Learning by Doing; Importance of Innovators and Early Adopters – Part 1
When Nick Bowers joined the Oregon Ryegrass Commission, he was a third-generation family member to do so. His grandfather was among the founders of the Commission, a grower-funded group that promotes use of ryegrass in a variety of ways. It’s strictly a volunteer gig.
When Nick joined, he probably had no idea that he was about to become a leader and champion of cover crops in the Midwest. He didn’t know that in doing so, he would be helping to build quality back into depleted soil, where the bulk of corn and soybeans in the US are grown. Maybe he was surprised that it would result in a new business for him, in addition to his family farm. “And,” he said, “I would never have guessed in 2000 that by 2020 all but 10 percent of my farm would be in no-till.”
As the Chair of the Commission, Nick was there when the idea hatched to test annual ryegrass as a cover crop in the Midwest. He and other Oregon seed growers donated annual ryegrass seed they’d grown to help jumpstart the project. That initiative is now 25 years old and continues to bring market development and research of cover crops to new audiences.
Nick was among the first Oregon seed growers to visit the Midwest, along with Commission administrator Bryan Ostlund. There came dozens more trips as the years went by. “It was at a time I could easily travel, when my kids were younger and in school,” Nick said. “There were years when I was back east for a week a month,” he added. Nick, other growers and a career extension agent from Oregon State University, Mark Mellbye, were committed to seeing the project through and introducing it properly. “Mark was immensely helpful, both in Oregon and the Midwest,” Nick said. “It wasn’t about sales, but about research, field trials and education. I think our collective effort helped a lot, because you had university agronomists and even competing growers from Oregon emphasizing the same things over and over. It helped build credibility in the Oregon seed industry,” he added.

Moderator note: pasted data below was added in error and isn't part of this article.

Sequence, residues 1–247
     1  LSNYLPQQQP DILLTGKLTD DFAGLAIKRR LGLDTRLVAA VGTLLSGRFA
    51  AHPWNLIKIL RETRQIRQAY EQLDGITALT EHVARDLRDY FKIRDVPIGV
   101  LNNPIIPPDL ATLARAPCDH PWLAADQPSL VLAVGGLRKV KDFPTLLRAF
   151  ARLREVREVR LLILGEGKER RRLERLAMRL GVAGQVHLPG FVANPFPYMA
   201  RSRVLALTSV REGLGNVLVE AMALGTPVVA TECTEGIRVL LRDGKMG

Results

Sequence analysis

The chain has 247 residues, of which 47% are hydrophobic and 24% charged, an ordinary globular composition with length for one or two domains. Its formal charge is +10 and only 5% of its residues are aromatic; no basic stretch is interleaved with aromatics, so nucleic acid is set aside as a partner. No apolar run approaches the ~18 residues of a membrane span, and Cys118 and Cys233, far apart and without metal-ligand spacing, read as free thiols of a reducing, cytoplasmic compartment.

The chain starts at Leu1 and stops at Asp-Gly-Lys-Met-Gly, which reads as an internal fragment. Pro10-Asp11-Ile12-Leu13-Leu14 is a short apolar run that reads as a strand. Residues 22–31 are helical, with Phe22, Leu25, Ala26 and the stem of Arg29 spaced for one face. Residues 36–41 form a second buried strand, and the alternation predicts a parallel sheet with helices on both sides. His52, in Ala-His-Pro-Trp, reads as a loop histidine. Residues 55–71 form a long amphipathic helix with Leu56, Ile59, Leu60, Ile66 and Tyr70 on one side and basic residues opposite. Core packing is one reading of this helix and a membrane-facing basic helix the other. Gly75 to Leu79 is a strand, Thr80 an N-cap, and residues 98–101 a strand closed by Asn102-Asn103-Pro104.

Nick recalls that, in the first few years of effort, Oregon growers sent only a few truckloads of annual ryegrass seed to growers in the Midwest. “It was tough finding people willing to try it out,” simply because it was novel, and it was a risk that successful farmers didn’t see a need to take. And I had quite a time of finding a proper storage facility for the seed we didn’t use right away,” he added. In fact, during one of his annual trips, Nick remembers noticing that a few pallets of seed had been broken into by mice and it had to be re-bagged. All of that changed as people began to find annual ryegrass easier than they thought to integrate into their no-till operation.
Nick said that initial success with “innovators” was important, because “early adopters” keep an eye on innovators, who were pretty excited at the results they were getting with annual ryegrass: erosion control, weed suppression, saving on nitrogen fertilizer and noticing a bump in yields. Once the early adopters began buying seed, the sales of annual ryegrass began to multiply quickly. Some of them became seed distributors for Oregon growers. More importantly, they became the next tier of experienced trainers and educators. The cover crop revolution was growing roots.
In the next chapter, Nick and others will talk about the kind of “hands-on” work Oregon growers did to get cover crops accepted in the Midwest.